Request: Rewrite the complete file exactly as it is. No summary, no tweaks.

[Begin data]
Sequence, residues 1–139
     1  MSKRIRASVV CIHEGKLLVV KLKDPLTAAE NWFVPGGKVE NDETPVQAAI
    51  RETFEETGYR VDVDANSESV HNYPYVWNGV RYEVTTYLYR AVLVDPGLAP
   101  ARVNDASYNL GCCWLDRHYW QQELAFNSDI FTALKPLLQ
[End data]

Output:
Sequence, residues 1–139
     1  MSKRIRASVV CIHEGKLLVV KLKDPLTAAE NWFVPGGKVE NDETPVQAAI
    51  RETFEETGYR VDVDANSESV HNYPYVWNGV RYEVTTYLYR AVLVDPGLAP
   101  ARVNDASYNL GCCWLDRHYW QQELAFNSDI FTALKPLLQ